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The Suffolk Journal

Your School. Your Paper. Since 1936.

The Suffolk Journal

Your School. Your Paper. Since 1936.

The Suffolk Journal

Russia’s economy takes a blow

Back in April, Forbes Magazine reported that the U.S. Treasury Department announced further sanctions on seven Russian officials and 17 Russian companies. One of those companies was Rosneft, Russia’s largest oil economy, led by Igor Sechin. The other companies included several financial institutions and a number of firms connected to the energy sector. These sanctions included visa bans, restrictions on trade, and asset freezes.

In October, BBC reported that in Moscow, Russian President Vladimir Putin was quickly examining and gloating about the sanctions imposed on Russia by Washington and the European allies. Putin explained it was “silliness” and they were to only break the Western economy.

Unfortunately for Russia, Putin was wrong. The economy in Russia is suffering as oil prices are plunging. The source of the break in the economy? Politico says it might have something to do with President Barack Obama’s strategy of sanctioning and where he isolated Russia.

Freshmen Alexi Korolev, who is originally from Moscow, proclaimed the Russian currency has dramatically dropped in value, as it exports nothing but natural resources, which means with each drop in the price of oil, the value of Russian currency drops as well.

“One of the theories for such economic downside in russia, is the russian central bank devaluing its currency to raise finances internally with ease.” Korolev said, “Yet none of the salaries have been raised, with additional 25 percent of recent redundancies taken place in Moscow”

Politico reports the price of oil, which is what Russia primarily relies on, has dropped by a third.

Many Republicans believe Obama’s policy has been too timid, but now are skeptical it has actually been destroying the economy, according to Politico.

“I think it’s a pretty hard sell to say the sanctions strategy on Russia is what is tanking the ruble right now,” said a senior congressional GOP aide told Politico reporters.

“Obama and congress, along with the UN, pressure other oil-exporting states to put down the prices, not willing to, but they are doing it.” Kor explained, “The second possible explanation, is somewhat similar to the first one is everyone had made an agreement to put down the prices, in fact, not just to negatively affect Russia, but also with attempts to damage the economy of the U.S.”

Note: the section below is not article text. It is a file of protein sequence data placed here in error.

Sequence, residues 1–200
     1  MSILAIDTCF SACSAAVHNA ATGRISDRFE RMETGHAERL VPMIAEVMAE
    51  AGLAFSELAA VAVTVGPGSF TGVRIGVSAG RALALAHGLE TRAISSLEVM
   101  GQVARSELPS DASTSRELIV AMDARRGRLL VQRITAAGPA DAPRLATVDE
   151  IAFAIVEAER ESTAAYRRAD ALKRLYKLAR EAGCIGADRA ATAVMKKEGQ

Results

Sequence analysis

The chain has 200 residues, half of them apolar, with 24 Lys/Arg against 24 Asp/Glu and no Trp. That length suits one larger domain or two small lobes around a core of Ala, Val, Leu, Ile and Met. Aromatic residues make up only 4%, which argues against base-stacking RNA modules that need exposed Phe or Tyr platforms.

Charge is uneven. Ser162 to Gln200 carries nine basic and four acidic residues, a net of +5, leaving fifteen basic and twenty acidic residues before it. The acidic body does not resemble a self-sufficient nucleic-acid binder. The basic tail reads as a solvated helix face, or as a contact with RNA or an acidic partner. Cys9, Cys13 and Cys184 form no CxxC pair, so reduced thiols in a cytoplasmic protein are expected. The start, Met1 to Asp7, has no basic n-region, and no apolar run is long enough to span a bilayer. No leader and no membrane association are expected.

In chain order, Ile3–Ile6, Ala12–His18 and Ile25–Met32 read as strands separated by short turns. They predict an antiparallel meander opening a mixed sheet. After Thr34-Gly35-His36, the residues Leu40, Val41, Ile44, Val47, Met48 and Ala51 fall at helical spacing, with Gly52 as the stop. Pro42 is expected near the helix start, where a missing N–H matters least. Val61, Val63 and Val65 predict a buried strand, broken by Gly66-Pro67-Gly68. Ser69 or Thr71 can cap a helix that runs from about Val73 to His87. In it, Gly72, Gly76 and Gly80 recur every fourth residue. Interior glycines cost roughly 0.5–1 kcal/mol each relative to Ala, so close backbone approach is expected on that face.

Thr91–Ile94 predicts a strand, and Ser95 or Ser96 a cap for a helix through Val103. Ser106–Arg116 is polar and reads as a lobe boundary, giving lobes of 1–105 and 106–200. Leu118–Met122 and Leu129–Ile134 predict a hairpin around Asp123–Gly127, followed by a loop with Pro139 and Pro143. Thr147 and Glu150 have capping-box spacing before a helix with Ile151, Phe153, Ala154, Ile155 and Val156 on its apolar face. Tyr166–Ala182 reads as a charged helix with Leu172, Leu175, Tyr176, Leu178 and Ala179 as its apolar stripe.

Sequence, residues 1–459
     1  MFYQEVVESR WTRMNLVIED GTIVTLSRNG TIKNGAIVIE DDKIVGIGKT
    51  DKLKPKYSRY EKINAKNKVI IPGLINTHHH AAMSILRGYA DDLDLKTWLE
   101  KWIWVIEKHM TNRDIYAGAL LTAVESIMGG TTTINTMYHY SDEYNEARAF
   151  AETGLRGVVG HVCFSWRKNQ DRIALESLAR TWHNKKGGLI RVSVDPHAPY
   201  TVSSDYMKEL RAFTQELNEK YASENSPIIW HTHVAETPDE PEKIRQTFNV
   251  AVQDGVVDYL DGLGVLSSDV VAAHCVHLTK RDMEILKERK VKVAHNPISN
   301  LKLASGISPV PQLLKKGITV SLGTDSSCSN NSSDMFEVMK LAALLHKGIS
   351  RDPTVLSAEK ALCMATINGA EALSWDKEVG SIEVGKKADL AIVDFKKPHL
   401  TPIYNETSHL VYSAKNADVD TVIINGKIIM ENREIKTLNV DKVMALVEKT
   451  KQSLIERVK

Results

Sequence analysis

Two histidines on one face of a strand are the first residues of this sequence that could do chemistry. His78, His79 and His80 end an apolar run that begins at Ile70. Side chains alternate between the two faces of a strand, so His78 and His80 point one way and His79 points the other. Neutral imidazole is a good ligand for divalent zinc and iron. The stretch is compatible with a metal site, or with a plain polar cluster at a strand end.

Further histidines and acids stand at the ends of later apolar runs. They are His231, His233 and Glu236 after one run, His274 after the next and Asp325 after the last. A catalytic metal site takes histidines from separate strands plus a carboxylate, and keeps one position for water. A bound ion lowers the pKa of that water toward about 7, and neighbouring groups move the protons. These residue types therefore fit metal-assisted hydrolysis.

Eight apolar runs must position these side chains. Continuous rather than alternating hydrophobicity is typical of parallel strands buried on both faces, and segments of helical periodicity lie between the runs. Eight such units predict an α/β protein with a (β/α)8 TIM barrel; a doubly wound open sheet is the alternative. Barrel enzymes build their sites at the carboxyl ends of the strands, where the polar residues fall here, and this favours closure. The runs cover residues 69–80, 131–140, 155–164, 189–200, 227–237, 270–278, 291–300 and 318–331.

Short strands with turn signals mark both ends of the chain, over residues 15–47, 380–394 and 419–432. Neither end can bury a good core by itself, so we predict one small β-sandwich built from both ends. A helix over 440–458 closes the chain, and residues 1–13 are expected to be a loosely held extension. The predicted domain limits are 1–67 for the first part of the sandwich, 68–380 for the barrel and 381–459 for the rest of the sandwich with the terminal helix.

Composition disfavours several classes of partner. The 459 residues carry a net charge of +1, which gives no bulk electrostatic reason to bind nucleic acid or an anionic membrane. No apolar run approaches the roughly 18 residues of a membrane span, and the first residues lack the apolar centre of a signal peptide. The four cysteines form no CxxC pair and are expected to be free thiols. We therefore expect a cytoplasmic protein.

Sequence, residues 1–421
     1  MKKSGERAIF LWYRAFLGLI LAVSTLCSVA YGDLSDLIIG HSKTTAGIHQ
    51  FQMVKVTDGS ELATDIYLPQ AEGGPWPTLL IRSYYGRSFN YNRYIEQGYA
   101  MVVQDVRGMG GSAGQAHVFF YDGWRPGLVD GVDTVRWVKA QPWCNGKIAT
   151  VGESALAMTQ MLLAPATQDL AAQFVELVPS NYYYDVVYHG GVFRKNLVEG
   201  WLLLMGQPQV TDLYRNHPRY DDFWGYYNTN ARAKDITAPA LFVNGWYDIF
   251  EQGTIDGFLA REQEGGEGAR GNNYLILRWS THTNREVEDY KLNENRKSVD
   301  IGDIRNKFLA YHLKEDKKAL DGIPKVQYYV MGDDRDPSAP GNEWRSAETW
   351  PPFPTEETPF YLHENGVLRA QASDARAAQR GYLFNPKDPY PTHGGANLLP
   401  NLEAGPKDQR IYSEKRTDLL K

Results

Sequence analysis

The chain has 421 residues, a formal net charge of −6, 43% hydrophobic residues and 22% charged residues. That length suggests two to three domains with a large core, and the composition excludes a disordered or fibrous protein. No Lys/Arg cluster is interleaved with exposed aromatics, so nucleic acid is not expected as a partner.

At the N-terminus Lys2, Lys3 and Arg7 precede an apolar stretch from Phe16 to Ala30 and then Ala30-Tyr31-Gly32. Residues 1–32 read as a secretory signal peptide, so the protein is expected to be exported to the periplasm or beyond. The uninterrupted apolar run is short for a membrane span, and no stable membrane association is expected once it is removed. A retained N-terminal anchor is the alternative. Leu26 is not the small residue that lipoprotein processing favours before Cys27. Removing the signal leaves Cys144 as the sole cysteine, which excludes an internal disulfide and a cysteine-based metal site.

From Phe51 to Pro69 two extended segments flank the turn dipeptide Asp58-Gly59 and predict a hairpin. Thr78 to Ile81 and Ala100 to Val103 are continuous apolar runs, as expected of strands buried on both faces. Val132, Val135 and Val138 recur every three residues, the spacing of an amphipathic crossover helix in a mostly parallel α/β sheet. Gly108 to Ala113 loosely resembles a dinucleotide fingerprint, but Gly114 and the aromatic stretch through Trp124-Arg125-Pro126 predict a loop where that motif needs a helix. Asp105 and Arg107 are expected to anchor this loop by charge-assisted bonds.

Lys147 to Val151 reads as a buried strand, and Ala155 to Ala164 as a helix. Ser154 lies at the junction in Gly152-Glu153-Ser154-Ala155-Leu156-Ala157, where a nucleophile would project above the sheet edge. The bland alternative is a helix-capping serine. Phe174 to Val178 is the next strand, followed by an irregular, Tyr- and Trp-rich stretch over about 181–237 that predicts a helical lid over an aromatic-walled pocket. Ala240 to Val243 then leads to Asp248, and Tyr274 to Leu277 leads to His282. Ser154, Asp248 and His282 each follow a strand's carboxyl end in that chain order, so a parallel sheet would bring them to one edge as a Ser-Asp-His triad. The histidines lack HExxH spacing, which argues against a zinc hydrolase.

Another aide told Politico, “The impact of sanctions is absolutely marginal in this story.”

However, Korolev disagrees with the Republicans.

“All of the sanctions placed upon Russia were placed there with one purpose and one only: to cripple them,” he said.

Despite the differences in opinion about the sanctions, all believe Russia’s economy is in serious trouble. Politico reports the Russian ruble fell nearly six percent in value, which is down by nearly half since Putin’s comments in early October.

“To hurt ‘Putinism,’ [the sanctions] do fairly well,” he said.

Unfortunately for the people of Russia, they are confused as to why there is internal destruction to the economy.

“Besides all of the external factors pulling Russia’s economy down, they are creating extra internal ones.”

Why, Korolev asked. “No one knows.”

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About the Contributor
Alexa Gagosz
Alexa Gagosz, Previous Editor-in-Chief
Former Editor-in-Chief of The Suffolk Journal, fighter for equality and former World News Editor. Most likely found in The Journal's office, getting lost in the Massachusetts State House or frolicking around Boston Harbor. Thrives off of investigation pieces that consume her.

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Russia’s economy takes a blow